Maersk and HMM rebuff acquisition talk

With news providers in South Korea and Europe once again linking Maersk Line with buying Hyundai Merchant Marine (HMM), a spokesperson for the giant Danish line has rebutted the reports as “rumours and speculation”. The reports have also been rubbished by HMM in Seoul.

When it was announced last month that financially struggling HMM was seeking to join 2M, the alliance between Maersk and MSC, it sparked a wave of conspiracy theories as to the real motive behind the move.

Chief among those was analysts Drewry who posited in a monthly newsletter: “Maersk’s aim is not actually having HMM as a junior alliance partner, but rather to prepare to acquire it or joint venture with it (the same way Maersk courted Sea-Land and then P&O Nedlloyd before buying them).”

The theory was denied at the time by both Maersk and HMM. Since then however a Reuters interview with Maersk boardmember Jakob Stausholm only served to add fuel to the fire.

“If you look at the history of Maersk Line, we have achieved our leadership position by the combination of organic growth and acquisitions. If the right opportunity is there we will look into it,” Stausholm told Reuters.

“As per our policy we do not comment on rumours and speculation,” a spokesperson for Maersk Line told Splash today, adding: “What we can confirm is, as you know, that 2M is in discussions with HMM on the possibility of HMM joining the 2M vessel sharing agreement when their membership of the G6 alliance expires in 2017.”

Meanwhile, a spokesperson for HMM in Seoul told Splash today:  “The alleged M&A rumour that you referred to is groundless.”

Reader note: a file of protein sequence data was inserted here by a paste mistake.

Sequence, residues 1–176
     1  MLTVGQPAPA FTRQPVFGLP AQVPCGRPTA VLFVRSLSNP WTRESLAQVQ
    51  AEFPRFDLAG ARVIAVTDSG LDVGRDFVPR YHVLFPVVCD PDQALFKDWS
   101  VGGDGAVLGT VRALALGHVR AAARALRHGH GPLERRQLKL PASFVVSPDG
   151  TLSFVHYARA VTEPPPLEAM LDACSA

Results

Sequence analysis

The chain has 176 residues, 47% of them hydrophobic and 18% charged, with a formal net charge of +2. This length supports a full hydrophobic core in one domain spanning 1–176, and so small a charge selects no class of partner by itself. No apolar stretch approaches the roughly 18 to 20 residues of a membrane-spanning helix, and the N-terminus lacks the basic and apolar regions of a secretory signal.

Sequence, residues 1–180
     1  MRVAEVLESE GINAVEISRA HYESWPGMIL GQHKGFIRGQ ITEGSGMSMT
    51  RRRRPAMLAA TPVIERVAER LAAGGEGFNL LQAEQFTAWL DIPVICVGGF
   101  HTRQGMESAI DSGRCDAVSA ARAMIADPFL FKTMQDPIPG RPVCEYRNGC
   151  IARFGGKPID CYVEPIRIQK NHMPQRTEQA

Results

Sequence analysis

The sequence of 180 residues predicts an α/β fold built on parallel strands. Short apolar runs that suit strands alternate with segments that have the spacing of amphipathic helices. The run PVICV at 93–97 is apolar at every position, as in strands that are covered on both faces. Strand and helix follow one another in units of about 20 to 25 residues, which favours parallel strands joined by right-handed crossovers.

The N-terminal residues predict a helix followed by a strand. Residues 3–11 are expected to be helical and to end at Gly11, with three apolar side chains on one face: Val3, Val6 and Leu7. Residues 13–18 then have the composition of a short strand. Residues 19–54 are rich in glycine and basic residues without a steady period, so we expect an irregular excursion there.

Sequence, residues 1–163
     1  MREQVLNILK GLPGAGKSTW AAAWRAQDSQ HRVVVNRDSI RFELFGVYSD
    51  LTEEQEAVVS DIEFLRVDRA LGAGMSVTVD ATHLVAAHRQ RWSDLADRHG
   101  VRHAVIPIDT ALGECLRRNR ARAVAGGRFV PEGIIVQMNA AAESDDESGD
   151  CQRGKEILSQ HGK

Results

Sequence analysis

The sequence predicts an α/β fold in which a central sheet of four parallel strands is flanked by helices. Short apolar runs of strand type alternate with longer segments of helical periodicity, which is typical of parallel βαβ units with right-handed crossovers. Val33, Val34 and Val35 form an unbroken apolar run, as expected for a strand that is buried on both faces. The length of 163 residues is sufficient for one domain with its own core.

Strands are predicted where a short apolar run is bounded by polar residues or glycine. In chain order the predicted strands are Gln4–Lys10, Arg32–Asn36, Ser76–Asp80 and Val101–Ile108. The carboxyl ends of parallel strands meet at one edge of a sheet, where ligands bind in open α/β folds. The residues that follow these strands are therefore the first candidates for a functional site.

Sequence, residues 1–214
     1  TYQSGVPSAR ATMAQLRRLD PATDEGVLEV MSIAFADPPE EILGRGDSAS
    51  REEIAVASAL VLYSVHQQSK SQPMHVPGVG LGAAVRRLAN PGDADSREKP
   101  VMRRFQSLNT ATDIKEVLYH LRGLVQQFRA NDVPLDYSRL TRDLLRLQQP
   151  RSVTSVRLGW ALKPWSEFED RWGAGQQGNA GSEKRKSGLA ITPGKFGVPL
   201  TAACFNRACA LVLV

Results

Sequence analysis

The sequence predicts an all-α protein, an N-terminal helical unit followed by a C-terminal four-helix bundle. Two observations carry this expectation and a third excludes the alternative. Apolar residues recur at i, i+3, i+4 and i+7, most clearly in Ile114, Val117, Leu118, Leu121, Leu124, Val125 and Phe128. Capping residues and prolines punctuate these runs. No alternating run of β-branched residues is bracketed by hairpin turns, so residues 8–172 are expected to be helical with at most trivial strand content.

Lars Jensen from Copenhagen-based SeaIntel Consulting told Splash he had nothing to back up the acquisition rumours. He did, however, suggest it was conceivable.

“Whilst there is no tangible information pertaining to Maersk Line buying HMM,” Jensen stressed, adding: “It is worthwhile keeping four key facts in mind: Maersk Line has an ambition to grow. They have shown willingness to grow by acquisition, most recently by being initially interested in bidding for APL.”

In a market with severe overcapacity, large-scale organic growth becomes exceedingly expensive and destabilises the market, Jensen noted.

“As large losses loom in 2016, we have already seen owners in Singapore and in the Arab Gulf states pull the plug and sell in order to stem future losses, and hence a sell of HMM at an attractive price can certainly not be ruled out,” Jensen argued.

There is also another aspect which would point to HMM being a good supplement to Maersk Line, Jensen suggested. HMM has a range of relatively new 8,000 to 10,000 teu vessels which would allow Maersk Line to replace the ageing S-Class vessels from the mid/late-1990s without needing to destablise the market further by ordering new replacements for these vessels.

“Of course, part of the value would lie in boosting the market position on the transpacific, which in turn would require Maersk Line to retain a high percentage of the HMM customers – something Maersk Line was not able to do when they took over P&O Nedlloyd 10 years ago,” Jensen concluded.

Last month Maersk Line dismissed an Alphaliner report linking Israel’s Zim joining 2M as “rumours and speculation”.

French box analysts Alphaliner claimed Zim, which currently belongs to no alliance, could be “roped” into 2M.

Splash sources had earlier hinted that Hamburg Sud was also in negotiations to join 2M, something a Maersk spokesperson also dismissed as rumours.


Sam Chambers

Starting out with the Informa Group in 2000 in Hong Kong, Sam Chambers became editor of Maritime Asia magazine as well as East Asia Editor for the world’s oldest newspaper, Lloyd’s List. In 2005 he pursued a freelance career and wrote for a variety of titles including taking on the role of Asia Editor at Seatrade magazine and China correspondent for Supply Chain Asia. His work has also appeared in The Economist, The New York Times, The Sunday Times and The International Herald Tribune.
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